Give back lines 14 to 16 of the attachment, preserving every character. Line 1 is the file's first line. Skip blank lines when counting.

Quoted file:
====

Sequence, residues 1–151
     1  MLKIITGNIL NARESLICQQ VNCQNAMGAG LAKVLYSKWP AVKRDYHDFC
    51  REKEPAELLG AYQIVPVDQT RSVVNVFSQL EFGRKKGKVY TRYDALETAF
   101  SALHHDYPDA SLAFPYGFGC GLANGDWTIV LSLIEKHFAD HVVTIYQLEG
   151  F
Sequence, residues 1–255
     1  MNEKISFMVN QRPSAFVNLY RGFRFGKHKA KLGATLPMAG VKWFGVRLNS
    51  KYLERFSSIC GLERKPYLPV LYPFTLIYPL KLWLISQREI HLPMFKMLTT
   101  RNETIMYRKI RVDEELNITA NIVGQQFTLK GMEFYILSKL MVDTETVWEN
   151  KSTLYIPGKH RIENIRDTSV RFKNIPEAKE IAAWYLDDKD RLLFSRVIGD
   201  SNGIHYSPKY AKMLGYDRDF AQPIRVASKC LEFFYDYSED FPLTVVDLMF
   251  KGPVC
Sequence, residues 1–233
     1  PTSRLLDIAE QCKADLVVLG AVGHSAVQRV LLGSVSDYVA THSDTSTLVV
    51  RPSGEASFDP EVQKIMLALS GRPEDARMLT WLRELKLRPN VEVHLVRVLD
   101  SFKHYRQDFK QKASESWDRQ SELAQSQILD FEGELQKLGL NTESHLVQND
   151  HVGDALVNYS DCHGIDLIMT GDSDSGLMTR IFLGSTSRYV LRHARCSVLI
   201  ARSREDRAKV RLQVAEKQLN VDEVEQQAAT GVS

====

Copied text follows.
     1  PTSRLLDIAE QCKADLVVLG AVGHSAVQRV LLGSVSDYVA THSDTSTLVV
    51  RPSGEASFDP EVQKIMLALS GRPEDARMLT WLRELKLRPN VEVHLVRVLD
   101  SFKHYRQDFK QKASESWDRQ SELAQSQILD FEGELQKLGL NTESHLVQND